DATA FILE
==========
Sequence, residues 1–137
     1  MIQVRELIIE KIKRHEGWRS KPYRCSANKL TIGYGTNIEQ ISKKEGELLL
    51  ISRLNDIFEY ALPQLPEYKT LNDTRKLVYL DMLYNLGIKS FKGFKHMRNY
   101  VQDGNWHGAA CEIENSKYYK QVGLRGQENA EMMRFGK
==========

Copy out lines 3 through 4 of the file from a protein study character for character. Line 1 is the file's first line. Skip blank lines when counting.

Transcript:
    51  ISRLNDIFEY ALPQLPEYKT LNDTRKLVYL DMLYNLGIKS FKGFKHMRNY
   101  VQDGNWHGAA CEIENSKYYK QVGLRGQENA EMMRFGK